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Fibromyalgia, also called fibromyalgia syndrome (FMS), is a long-term condition that causes pain all over the body.

Symptoms of fibromyalgia

As well as widespread pain, other symptoms of fibromyalgia include:

  • increased sensitivity to pain
  • muscle stiffness
  • difficulty getting to sleep or staying asleep, which can make you feel very tired (fatigue)
  • problems with mental processes (known as “fibro-fog”), such as difficulty concentrating or remembering things
  • headaches
  • irritable bowel syndrome (IBS), a digestive condition that causes stomach pain and bloating
  • feelings of frustration, worry or low mood

The symptoms of fibromyalgia are changeable – for example, they can sometimes suddenly improve or get worse

Fibromyalgia is a condition that’s more than just about pain; it has a ripple effect on the body, influencing various systems and functions. Here’s a closer look at how fibromyalgia impacts the body:

Widespread Pain: The most prominent symptom of fibromyalgia is a persistent pain that spreads throughout the body. This isn’t just any ordinary pain; it’s a deep, throbbing, aching, or burning sensation that can fluctuate in intensity.

Fatigue: Many with fibromyalgia experience a profound tiredness that doesn’t go away with sleep. It’s a fatigue that can make even simple tasks seem daunting, affecting daily routines and quality of life.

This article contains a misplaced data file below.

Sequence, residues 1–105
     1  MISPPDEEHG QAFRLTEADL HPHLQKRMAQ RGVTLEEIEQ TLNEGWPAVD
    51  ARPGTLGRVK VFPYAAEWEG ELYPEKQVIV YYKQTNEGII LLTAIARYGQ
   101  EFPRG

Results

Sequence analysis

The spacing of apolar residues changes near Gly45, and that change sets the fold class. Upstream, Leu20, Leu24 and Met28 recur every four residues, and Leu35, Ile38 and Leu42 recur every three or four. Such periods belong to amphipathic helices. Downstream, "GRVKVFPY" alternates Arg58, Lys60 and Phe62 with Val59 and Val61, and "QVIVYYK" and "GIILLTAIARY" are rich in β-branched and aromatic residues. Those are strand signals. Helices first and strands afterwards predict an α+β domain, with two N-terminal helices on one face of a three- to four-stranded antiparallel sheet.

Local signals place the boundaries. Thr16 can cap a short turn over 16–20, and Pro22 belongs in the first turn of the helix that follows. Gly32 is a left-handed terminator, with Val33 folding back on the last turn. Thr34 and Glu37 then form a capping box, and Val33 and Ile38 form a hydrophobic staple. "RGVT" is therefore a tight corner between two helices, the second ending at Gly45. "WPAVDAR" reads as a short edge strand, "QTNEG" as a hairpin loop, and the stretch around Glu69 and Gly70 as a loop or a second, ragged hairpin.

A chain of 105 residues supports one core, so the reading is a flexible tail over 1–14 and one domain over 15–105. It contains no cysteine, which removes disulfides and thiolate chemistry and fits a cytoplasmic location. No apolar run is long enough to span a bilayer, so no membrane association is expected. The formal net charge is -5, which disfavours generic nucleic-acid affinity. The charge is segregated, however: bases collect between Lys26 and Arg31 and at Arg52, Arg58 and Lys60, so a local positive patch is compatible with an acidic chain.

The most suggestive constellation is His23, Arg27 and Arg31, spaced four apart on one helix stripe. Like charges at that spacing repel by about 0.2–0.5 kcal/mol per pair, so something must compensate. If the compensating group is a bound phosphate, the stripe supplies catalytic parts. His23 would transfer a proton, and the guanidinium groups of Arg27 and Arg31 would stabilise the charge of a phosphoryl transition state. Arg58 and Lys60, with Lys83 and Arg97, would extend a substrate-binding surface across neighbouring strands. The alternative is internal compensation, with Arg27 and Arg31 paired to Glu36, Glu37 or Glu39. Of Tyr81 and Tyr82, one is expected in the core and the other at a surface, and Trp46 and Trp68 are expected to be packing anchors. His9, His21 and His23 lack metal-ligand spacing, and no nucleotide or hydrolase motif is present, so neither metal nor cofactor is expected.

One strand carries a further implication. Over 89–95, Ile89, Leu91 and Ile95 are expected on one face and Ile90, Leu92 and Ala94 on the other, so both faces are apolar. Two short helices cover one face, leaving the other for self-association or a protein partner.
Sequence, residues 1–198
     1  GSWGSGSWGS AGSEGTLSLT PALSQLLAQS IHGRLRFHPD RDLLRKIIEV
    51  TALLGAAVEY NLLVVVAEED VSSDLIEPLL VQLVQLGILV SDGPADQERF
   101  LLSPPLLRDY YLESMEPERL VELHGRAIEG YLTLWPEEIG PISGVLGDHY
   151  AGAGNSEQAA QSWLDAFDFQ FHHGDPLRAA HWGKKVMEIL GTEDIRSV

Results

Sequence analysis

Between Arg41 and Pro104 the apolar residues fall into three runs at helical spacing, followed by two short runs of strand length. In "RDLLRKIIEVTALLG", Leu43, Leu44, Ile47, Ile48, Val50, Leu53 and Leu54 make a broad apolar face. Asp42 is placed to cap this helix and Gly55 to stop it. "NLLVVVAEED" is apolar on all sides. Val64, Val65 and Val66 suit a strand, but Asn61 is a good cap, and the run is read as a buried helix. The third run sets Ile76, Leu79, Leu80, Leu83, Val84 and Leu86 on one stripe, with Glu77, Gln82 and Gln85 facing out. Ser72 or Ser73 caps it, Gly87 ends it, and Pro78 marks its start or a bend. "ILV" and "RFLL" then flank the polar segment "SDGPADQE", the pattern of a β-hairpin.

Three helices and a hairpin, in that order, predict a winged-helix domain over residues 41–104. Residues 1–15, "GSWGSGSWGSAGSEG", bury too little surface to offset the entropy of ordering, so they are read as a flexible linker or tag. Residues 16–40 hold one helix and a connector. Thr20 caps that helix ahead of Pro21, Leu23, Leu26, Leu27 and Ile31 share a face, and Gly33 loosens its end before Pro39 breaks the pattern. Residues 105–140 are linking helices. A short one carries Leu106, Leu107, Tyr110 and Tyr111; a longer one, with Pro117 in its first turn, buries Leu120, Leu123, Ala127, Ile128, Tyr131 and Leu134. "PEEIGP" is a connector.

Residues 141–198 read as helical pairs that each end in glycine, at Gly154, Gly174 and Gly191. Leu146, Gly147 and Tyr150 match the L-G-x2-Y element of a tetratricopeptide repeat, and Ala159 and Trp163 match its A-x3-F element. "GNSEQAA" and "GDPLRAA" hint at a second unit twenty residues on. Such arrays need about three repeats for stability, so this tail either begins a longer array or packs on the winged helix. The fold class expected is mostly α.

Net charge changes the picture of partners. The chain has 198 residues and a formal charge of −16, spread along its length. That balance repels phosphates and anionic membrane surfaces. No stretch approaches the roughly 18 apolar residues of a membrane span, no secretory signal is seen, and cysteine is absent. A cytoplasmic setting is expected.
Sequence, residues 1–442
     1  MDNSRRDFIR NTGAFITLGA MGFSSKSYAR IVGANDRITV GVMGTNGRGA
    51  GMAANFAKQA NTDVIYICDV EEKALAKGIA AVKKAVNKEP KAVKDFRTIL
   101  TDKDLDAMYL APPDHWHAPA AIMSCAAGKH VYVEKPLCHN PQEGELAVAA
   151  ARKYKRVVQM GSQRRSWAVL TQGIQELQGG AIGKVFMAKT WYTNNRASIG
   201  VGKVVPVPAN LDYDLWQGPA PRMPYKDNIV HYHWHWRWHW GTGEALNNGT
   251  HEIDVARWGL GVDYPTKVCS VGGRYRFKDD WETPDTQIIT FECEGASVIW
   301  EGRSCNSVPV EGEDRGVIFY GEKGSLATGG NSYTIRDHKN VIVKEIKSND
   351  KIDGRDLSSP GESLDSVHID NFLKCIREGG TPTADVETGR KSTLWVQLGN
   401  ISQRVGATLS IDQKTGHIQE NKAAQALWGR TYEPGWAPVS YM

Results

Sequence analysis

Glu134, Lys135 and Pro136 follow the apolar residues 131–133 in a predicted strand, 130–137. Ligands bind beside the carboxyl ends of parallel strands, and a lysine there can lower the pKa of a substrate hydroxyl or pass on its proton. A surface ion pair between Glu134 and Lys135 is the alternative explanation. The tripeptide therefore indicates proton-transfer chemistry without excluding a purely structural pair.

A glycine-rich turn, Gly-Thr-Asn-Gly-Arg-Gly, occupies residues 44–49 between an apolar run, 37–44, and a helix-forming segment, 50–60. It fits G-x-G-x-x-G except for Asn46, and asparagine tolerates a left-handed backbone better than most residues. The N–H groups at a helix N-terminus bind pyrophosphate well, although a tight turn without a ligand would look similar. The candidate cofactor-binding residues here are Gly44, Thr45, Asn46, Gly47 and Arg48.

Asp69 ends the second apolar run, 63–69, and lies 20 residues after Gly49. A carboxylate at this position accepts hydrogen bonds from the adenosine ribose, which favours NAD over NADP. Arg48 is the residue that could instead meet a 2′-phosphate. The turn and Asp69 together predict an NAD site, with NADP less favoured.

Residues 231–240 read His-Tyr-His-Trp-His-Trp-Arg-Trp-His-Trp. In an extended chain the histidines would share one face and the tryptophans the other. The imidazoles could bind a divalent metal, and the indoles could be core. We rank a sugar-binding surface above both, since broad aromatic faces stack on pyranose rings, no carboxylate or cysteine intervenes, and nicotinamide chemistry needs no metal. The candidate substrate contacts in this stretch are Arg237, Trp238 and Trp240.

Sleep Disturbances: Despite feeling constantly tired, many fibromyalgia sufferers have difficulty sleeping. They might struggle to fall asleep, experience frequent awakenings, or suffer from conditions like restless leg syndrome.

Cognitive Difficulties: Often referred to as “fibro fog,” individuals might face challenges with memory, concentration, and organizing thoughts. It can feel like a cloud that hampers clarity of thought.

Digestive Problems: Fibromyalgia can also impact the digestive system, leading to symptoms like bloating, gas, constipation, or even irritable bowel syndrome (IBS).

Sensitivity: Many people with fibromyalgia develop heightened sensitivities. This can mean an increased sensitivity to light, noise, temperature, and even touch.

Mood Fluctuations: Emotional effects are also prevalent. It’s not uncommon for individuals with fibromyalgia to experience mood swings, anxiety, or depression. The chronic nature of the pain, combined with other symptoms, can take a toll on one’s mental well-being.

Stiffness: Morning stiffness, similar to what’s experienced in conditions like arthritis, is another symptom. This can
last for several minutes to hours, making it challenging to start the day

Fibromyalgia presents a range of challenges that can affect daily life. Physical therapy offers a structured approach to address these challenges, focusing on improving movement, function and overall well-being. This briefly outlines how physical therapy can help in managing fibromyalgia.  The approach should consist of a combination of hands on therapy, exercise advice, building fitness an stamina to help reduce fatigue, education on load management and pain management.

1. Pain Management

2. Improved Mobility

3. Building Strength

4. Muscle Flexibility

5. Reduced Fatigue.


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